16. Ed Boland says:

      Great article John, and spot on!

      As an amateur recording artist for at least 35 years myself, this philosophy goes way back to the days before computers and all this technology became mainstream. Case in point, I had a buddy back in the early 80’s that came from a fairly wealthy family. (My circle of friends back then were all aspiring young musicians and future rock stars!) He always had all the nicest music equipment; fancy amps, guitars, etc. Whatever he wanted, his parents would buy for him! The problem was, he was a terrible musician… (if you could even call him that) All the best equipment money could buy, never made him a better player! We’d go visit him and marvel at the massive Marshall stacks and mixing boards that he had, albeit cringing at the sounds he produced. The sad part, is that he actually thought he was good!

      Most of us from the poor side of the tracks, could make better music with our old beat up pawn shop acoustic guitars, and we learned to appreciate what we had. I learned then, at a very early age, that musical talent couldn’t be purchased.

      With all that, and fast forwarded to today, I now do very well for myself and can afford nice things (within reason). I’m guilty as well, as I’ve become an “app-oholic” like the rest of us here, purchasing dozens of synth apps, guitar amp, modeling, and effect apps, and the like.

      My problem is, I’m always switching back and forth between the iPad and my Windows PC. On the PC, I use a BOSS ME-80 as my USB/MIDI guitar interface with either Guitar Rig 5 or Amplitube 4 Deluxe with a couple different DAWs for my recording purposes. I’ve yet to find an app for iOS that can match the amazing sounds and tonal capabilities of Native Instruments Guitar Rig 5. There’s simply nothing out there that compares!

      That’s for guitar. For my synth/keyboard needs, on the PC, Autura has a fantastic line of synth applications, as well as ikMultimedia’s Sampletank 3. I use iKMultimedia’s iRig Keys 37 Pro for my MIDI controller and love it. It has lightning to USB for the PC interface and works wonderfully!

      On the iPad and iOS though, I do love having the flexibility of being “mobile”! The iOS apps are like a whole other world. For guitar, my iOS interface of choice is the iRig HD, and I have my core set of apps that I use:
      •ToneStack (by far my favorite!)
      •Amplitube
      •Flying Haggis
      •GarageBand (for my iOS DAW)
      •AudioBus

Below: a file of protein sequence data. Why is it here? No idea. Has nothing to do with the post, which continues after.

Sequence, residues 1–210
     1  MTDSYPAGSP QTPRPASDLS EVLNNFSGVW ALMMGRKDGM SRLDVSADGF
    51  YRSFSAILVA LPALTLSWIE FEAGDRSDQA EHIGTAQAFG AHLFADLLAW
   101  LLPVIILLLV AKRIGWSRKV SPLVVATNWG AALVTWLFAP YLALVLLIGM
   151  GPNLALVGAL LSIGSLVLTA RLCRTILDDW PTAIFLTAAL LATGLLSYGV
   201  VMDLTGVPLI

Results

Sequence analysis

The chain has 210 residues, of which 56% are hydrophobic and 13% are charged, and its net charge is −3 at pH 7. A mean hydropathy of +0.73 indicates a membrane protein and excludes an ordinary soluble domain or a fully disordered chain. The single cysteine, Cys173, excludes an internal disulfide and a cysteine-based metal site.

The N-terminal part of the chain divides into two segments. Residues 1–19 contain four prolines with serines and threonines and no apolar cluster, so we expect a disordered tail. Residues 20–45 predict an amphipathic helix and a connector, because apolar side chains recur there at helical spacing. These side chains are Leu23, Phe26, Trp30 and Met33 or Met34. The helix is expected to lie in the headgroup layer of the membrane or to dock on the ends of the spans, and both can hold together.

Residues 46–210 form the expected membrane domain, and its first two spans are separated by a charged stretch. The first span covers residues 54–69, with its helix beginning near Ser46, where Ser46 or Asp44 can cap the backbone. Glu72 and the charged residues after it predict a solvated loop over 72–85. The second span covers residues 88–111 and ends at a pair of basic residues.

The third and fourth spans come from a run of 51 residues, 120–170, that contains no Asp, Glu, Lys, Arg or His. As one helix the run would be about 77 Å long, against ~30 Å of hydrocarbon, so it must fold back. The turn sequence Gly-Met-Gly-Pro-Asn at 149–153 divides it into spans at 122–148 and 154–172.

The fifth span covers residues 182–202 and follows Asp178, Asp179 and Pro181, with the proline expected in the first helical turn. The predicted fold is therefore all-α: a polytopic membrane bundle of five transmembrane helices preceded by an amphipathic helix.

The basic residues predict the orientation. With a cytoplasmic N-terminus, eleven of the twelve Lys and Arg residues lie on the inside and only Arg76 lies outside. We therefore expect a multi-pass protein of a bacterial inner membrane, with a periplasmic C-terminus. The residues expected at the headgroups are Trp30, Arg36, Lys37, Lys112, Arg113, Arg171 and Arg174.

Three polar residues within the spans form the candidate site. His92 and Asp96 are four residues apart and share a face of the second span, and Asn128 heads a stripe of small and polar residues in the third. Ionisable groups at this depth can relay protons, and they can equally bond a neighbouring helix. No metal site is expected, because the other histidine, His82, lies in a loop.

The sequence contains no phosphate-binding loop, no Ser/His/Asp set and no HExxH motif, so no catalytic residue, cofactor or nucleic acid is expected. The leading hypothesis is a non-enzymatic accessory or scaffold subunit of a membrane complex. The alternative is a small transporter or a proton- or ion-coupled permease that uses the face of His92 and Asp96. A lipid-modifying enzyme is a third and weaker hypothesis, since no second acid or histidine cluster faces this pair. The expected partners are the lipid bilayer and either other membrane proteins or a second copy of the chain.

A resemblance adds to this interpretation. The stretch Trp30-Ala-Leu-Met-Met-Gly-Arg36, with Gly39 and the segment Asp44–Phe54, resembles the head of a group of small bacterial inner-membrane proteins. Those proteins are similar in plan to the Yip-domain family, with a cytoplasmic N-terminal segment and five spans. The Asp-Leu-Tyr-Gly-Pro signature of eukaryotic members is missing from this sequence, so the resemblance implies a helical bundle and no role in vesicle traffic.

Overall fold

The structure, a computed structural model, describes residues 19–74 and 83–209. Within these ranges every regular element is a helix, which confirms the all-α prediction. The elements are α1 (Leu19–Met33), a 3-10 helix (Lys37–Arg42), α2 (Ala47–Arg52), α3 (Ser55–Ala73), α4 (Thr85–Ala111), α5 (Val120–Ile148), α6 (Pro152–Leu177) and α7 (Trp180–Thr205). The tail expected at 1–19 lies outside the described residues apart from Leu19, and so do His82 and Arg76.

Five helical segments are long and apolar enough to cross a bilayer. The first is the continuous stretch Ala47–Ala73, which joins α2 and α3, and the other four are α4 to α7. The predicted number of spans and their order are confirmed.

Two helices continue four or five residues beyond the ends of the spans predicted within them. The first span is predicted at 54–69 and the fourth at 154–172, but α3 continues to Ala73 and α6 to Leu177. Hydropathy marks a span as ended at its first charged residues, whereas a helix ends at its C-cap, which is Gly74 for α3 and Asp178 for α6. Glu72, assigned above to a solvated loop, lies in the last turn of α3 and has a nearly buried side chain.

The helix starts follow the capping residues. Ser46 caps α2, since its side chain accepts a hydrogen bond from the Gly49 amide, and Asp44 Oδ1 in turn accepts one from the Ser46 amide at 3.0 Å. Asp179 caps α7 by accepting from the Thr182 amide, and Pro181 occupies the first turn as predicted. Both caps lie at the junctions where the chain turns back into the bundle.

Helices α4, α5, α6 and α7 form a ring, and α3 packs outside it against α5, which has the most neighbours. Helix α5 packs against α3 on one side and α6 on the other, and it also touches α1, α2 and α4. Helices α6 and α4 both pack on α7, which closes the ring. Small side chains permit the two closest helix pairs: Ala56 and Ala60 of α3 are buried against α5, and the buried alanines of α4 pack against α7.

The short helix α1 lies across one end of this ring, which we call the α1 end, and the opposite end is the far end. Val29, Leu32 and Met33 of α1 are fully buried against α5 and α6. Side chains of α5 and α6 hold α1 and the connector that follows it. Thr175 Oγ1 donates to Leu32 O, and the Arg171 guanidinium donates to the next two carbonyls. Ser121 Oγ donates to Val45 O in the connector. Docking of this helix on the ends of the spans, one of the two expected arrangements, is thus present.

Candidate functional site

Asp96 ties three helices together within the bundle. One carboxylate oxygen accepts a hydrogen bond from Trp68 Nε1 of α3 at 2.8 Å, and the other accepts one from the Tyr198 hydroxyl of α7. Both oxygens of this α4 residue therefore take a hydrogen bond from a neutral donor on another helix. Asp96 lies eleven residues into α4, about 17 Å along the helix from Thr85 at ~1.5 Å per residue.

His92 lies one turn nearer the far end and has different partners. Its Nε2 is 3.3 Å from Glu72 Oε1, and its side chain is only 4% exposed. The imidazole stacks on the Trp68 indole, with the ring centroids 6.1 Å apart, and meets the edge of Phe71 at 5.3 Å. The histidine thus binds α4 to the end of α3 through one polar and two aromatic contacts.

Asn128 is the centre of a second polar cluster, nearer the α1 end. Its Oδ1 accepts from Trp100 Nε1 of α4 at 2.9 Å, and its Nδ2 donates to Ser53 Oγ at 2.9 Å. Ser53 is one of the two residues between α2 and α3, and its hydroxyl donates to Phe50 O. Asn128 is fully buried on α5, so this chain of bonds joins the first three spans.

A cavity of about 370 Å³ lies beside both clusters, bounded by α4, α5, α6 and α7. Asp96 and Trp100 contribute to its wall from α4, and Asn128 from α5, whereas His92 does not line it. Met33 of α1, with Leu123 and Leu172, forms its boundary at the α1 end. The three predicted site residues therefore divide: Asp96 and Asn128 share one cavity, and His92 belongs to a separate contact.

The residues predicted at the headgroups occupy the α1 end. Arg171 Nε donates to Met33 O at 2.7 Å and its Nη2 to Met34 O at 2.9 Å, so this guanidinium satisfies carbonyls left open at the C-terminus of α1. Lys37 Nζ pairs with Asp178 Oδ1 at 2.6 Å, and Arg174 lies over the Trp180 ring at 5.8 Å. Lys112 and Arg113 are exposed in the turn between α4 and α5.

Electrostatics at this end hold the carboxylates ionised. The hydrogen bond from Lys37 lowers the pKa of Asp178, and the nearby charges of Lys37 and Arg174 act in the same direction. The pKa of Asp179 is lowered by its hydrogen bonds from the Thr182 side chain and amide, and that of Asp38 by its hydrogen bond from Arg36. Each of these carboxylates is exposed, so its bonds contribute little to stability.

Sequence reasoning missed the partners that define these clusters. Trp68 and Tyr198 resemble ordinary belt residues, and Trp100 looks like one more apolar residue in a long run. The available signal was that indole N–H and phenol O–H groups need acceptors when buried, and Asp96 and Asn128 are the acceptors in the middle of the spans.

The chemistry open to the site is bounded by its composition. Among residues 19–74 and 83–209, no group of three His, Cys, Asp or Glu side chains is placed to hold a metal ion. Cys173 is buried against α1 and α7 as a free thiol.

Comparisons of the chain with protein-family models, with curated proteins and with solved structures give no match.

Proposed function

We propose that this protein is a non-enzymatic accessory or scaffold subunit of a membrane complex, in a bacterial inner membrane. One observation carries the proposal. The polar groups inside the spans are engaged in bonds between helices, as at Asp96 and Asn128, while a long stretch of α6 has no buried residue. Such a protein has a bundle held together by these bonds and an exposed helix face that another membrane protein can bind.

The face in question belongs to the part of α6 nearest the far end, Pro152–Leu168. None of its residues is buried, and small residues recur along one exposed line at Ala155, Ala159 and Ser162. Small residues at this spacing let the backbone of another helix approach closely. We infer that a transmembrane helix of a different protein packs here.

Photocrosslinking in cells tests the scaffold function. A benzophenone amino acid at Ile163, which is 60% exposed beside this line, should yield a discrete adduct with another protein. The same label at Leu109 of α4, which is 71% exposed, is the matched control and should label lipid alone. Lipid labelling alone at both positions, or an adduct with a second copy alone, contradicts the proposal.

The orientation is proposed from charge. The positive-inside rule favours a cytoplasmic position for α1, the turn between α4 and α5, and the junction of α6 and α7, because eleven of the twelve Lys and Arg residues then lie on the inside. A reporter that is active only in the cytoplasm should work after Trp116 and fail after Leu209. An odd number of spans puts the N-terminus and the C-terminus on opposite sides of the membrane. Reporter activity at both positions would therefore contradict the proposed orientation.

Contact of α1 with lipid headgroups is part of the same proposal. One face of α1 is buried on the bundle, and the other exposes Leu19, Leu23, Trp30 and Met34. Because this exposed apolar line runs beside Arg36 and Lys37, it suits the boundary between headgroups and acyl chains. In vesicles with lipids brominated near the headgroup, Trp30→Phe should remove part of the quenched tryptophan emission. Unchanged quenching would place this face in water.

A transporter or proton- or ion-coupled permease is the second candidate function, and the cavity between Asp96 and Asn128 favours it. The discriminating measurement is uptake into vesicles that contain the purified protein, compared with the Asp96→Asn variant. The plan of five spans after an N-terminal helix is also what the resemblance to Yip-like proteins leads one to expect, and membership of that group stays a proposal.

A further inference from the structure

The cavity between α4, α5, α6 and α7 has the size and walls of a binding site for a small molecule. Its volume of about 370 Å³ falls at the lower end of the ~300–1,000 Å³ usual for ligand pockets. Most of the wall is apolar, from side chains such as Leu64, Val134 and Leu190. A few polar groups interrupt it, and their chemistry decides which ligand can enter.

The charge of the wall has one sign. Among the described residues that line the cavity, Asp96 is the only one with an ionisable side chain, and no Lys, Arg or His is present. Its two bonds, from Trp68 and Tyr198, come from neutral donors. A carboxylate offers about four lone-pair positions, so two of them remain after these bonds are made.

•AudioBus remote

      Apps I’d like to try: the BIAS FX/Amp suite

      For my iOS keyboard/Synth needs on the iPad:

      (Too many to list really! But a few standouts are:)

      •Propellerhead’s THOR (probably my favorite and most used!)
      •Arturia iSEM
      •Arturia iMini
      •Magellen
      •Sampletank
      •This list could go on and on! And of course GarageBand and AudioBus fit in here as well!

    17. STEPHEN Kirton says:

      What a fantastic site I,ve stumbled app on (pun intended ) the discussion of apps and technology is fascinating i can understand why people are hooked on apps I started learning bass guitar in 1974 when amps and speakers were the size of a bedroom wardrobe and if I wanted a stomp box (effects peddle ) I saved up then went to a music shop to buy one £50 -£100 maybe every few months funds permitting fast forward a few decades I now own a thing called an iPad and guess what I can buy effects peddles on line for peanuts without ever leaving the house a korg x3 workstation with don’t laugh a floppy disc cost me a £1000 in 1991 now technology 50 times better can be purchased for £2.99 upwards who wouldn’t be addicted at those prices to own all this as hardware back in my day would have filled my house not to mention empty my bank (did we have banks then?) so John as mentioned in previous post you have written we have technology today that the Beatles could only dream of or a final analogy (fact) the micro chip that sent the first rocket to the moon wouldn’t now be powerful enough to turn on a modern mobile phone wow we have more technology now than nasa had in the 1960s keep those apps coming great site John keep up your great work

    18. Artem Moroz says:

      Fantastic reading! Not have to add something yet, but THANK YOU ALL!!!